Mar 05

5 Tips for Choosing Veggie Seedlings

So your garden plans are ready, now it's just a matter of time until the local farm and garden nursery stocks their veggie seedlings. And one plant is pretty much like the next, right?


Not really.

So before you walk into the arms of that gardening high we all feel, make a few notes as to what to look for:

1. Rethink buying cucumber plants.

And squash and melons for that matter. The few weeks you save by purchasing plants will likely be off-set by transplant shock. Consider buying seeds instead, and direct sowing them after your last spring frost. Many seeds last for years, so you save money as well. Better still, you get to choose the varieties you like.

The exception here is if you are battling squash vine borers, and planting later than usual outside.

Similarly, some plants just prefer to be direct seeded. Examples include lettuce, carrots, beets, corn, okra, peas and kohlrabi.

2. Size matters, but not how you may think.

You don't necessarily want the biggest plants, you want the best. A tomato plant that is flowering, or worse, has baby tomatoes, is too mature for the garden. If you must buy it, pinch off the flowers and fruit. Let it get a good-root hold first. You'll get more fruit in the long run. Likewise peppers. A bud or two is fine, but avoid the ones that are blooming. Here are some more tips on tomatoes.

3. How green is it?

Are the leaves beginning to yellow? Are the stems weak and spindly? If it doesn't look healthy, put it back. The exception is for end-of-season plants that might otherwise be tossed, but those are usually ornamental and hugely discounted or free. When it comes to planting your veggie garden you want the healthiest plants you can find.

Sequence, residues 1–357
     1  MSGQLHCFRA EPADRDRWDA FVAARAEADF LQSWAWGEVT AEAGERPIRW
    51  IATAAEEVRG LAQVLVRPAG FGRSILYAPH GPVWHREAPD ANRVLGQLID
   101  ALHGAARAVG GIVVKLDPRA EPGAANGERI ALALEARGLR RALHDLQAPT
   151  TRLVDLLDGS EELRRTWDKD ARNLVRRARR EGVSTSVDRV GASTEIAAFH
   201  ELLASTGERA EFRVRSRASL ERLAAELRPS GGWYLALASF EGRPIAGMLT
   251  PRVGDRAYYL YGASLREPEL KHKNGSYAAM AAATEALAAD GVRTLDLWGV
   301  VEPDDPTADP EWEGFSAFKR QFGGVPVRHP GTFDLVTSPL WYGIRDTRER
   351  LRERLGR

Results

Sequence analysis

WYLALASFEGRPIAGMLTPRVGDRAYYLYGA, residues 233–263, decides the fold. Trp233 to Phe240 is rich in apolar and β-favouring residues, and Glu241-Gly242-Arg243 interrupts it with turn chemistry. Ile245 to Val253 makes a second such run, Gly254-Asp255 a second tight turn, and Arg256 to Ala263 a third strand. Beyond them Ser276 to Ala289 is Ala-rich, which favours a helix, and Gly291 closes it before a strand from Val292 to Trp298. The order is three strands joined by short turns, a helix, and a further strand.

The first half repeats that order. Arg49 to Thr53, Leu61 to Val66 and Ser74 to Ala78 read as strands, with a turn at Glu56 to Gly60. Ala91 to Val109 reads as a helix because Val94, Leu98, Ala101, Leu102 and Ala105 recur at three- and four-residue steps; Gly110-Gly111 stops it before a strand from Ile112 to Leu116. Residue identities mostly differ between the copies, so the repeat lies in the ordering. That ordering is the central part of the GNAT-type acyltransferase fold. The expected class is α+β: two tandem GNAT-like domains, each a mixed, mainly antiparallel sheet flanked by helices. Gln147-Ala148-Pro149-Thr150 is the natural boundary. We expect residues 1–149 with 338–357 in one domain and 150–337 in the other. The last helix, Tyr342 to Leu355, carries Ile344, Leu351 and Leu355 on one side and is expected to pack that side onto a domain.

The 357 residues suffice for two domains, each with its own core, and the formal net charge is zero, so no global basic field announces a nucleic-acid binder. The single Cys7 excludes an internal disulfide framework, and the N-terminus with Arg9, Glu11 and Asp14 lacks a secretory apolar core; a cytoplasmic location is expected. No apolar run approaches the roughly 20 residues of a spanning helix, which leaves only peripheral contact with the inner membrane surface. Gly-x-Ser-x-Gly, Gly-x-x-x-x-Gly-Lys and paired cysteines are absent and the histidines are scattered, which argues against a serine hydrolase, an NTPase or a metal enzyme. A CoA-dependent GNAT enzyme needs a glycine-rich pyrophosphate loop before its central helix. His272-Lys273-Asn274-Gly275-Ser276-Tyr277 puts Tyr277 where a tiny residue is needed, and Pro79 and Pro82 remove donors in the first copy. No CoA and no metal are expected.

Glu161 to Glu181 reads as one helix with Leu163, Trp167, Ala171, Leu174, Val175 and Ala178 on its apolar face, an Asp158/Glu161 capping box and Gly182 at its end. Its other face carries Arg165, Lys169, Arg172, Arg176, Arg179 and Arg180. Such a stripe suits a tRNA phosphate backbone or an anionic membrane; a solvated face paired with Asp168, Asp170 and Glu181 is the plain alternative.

These symptoms can have quite a number of cause, including bad bugs or plant stress. Avoid them if possible.

4. Look under the hood.

Are there roots hanging out from the bottom of the cells? Wee ones aren't too bad, but if you see long roots know that the plant has already outgrown its container. This means it is more likely you will cause damage to the roots when transplanting. This isn't usually severe, though it can be; why chance it?

5. Consider the source.

Some plants are treated with Neonicotinoids in an effort to keep them bug-free as they are shipped from the nursery to the store. This insecticide also affects good bugs like bees, and can remain in your garden for years. If the plants aren't labeled, ask. Smaller nurseries can ask their sources, big box stores should know. Or you can just buy organic seedlings and not stress it. The last thing you need is to start harming your pollinators.

Bookmark this or make a note before you head out to buy plants. Something happens to us gardeners when we are around plants, and often all sense seems to take a leave of absence.

Yeah, we've been there.

Learn more:
3 Tips for Transplanting Tomatoes


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